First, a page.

A mathematical explanation for why inflation rates feel too low.
Last week, after months hovering around 0-1%, America's official inflation rate jumped sharply up to 2.8%. For a lot of people, that was a long time coming. There have been suspicions for years that the official inflation rate is somehow not reflective of the "real world" — that while inflation has been low, the actual cost of living has been increasing.
(Btw, do not search for “inflation” on Twitter. I promise you will regret it.)
Clearly criticising inflation calculations is nothing new. More in depth criticisms range from sensible questions about the goods and services considered, to crackpot theories about government cover-ups. Some of the first category are worth looking at, especially around the question of how to include housing, but for the rest of this I'm going to focus on something I don't see mentioned as often.
You're (maybe) not average
If an economist tells you “wages have increased”, the appropriate response is to ask “Whose wages? Mine haven't.” We're all well aware that increases in an average don't necessarily mean an increase for a particular individual. But when it comes to inflation, we seem to forget that. The reported national inflation rate is an average of the price increases of a variety of goods and services. The "shopping basket" is chosen to be representative of the country as a whole, but that doesn't guarantee it applies to you.
If the price of children's clothes increases, but you have no kids, you won't be affected. Similarly, if you don't have a car, an increase in the price of petrol (gas) isn't going to hit your wallet directly. If you take all these price changes together, you get your own "personal inflation". In fact, in 2010, the BBC published a "personal inflation calculator" that you could use to work this out. The national inflation rate is an average of all these rates — so obviously there will be some people for which "their inflation" is much higher than the reported rate — something that is rarely mentioned.
GDP is to wages as inflation is to...
Of course, this is really just being pernickety. The inflation rate isn't really designed to be used as an estimate of the changes in the cost of living. It's designed as a tool to support Central Banks with their monetary policy. Much like measure of GDP per capita is a good measure of long term national prosperity, inflation is a good measure of average changes in the purchasing power of money. However, for measuring short term fluctuations, or for looking at outcomes of specific groups, national average inflation may not be the best metric.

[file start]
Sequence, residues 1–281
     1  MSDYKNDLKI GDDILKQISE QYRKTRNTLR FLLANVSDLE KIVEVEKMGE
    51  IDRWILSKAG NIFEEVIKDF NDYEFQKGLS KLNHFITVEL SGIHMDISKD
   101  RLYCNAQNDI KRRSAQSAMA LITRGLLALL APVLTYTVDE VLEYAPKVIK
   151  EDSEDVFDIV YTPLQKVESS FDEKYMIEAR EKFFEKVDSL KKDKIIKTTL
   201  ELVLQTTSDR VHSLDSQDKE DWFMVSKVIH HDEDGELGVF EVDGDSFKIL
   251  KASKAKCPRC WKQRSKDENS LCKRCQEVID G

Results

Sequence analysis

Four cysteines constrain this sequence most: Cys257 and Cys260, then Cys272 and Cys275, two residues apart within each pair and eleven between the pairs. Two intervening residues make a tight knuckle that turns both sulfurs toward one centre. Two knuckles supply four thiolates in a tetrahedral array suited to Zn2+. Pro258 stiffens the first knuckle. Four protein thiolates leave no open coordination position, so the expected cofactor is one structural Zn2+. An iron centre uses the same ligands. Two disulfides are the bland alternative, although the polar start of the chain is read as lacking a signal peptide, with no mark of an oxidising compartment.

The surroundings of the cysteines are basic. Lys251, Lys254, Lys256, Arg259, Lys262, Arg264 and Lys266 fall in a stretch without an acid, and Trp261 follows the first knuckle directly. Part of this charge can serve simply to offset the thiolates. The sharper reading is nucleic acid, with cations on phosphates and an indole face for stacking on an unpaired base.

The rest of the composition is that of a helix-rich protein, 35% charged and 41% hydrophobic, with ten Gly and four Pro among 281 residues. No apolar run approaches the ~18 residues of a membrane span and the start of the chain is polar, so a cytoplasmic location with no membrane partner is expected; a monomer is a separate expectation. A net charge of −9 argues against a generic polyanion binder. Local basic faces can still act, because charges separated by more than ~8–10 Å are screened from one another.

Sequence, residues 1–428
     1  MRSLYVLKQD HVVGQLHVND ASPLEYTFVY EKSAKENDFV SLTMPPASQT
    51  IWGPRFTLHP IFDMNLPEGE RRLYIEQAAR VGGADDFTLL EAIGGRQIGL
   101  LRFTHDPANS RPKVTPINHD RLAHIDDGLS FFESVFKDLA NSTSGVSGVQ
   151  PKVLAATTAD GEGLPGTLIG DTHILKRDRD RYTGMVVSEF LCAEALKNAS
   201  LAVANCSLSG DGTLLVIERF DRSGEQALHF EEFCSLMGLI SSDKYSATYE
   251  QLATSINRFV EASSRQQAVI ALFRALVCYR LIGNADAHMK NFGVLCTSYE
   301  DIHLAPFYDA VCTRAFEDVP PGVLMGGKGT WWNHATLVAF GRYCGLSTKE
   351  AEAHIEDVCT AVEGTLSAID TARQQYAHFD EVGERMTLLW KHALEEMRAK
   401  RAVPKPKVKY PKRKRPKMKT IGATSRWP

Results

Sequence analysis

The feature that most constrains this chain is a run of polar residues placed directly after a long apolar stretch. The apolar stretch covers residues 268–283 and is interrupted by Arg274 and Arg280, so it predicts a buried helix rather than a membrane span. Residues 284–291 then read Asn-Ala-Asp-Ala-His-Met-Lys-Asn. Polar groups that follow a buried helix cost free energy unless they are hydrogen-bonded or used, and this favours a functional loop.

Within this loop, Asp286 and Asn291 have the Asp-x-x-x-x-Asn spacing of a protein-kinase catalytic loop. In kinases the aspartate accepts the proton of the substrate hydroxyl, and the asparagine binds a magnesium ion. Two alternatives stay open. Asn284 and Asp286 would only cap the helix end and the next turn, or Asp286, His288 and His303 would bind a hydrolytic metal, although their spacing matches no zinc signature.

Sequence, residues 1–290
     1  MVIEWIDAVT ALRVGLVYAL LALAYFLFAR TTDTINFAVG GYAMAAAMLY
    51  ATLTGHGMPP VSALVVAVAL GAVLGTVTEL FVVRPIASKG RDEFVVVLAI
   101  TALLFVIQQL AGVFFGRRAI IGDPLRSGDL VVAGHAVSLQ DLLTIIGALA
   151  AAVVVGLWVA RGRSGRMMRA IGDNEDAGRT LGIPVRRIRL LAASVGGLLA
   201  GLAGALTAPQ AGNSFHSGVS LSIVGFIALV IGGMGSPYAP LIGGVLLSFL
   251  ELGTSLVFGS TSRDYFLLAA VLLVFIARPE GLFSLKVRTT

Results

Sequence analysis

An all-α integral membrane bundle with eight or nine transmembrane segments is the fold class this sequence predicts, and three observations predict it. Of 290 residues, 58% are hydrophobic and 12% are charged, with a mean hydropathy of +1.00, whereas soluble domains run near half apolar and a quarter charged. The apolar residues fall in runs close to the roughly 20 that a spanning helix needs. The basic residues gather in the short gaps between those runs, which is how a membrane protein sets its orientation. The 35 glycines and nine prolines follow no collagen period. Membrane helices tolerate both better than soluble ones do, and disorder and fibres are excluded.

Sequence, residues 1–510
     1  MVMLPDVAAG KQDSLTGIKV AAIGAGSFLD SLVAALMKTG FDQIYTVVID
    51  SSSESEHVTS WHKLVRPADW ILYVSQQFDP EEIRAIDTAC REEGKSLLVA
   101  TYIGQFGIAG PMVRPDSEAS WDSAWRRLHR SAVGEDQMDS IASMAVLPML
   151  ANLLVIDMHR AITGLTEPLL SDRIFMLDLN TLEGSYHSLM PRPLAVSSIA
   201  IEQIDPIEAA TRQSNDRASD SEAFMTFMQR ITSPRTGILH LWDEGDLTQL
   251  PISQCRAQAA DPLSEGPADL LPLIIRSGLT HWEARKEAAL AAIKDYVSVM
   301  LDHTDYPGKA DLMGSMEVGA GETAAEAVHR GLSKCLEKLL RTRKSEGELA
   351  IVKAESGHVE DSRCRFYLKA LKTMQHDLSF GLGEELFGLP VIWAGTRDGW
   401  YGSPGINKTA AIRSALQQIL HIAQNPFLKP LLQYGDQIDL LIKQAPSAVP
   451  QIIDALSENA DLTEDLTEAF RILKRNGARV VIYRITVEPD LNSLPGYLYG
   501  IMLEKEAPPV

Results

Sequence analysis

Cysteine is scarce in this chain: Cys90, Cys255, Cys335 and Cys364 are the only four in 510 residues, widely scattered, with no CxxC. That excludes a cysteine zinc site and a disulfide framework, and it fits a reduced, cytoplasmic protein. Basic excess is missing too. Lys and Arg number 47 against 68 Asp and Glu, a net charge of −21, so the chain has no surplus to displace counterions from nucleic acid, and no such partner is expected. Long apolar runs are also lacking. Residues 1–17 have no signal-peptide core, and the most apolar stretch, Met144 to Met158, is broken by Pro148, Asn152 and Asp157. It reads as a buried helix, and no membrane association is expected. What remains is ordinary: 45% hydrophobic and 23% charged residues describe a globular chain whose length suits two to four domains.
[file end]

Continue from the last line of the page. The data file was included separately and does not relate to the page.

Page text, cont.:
In general, to be a good measure of cost of living changes, the inflation rate needs to measure the change in consumer prices for a "typical household". If there is random variation — some people experience more inflation than the official rate one year, and then less the year after — that's to be expected and not a particularly big deal. However, if there is systematic bias — if inflation for one group is always different from the national average (and different in the same direction), that's a much bigger problem...
Once you start thinking of inflation as an average, you might start to wonder what kind of average. How do statisticians take the all prices of this "shopping basket" and collapse them into one number? Between products, how important is a change in the price of bread compared to the price of cat food? Across people, if everyone has their own "personal inflation" reality, do we treat everyone equally? Or do we give more weighting to the people who spend more?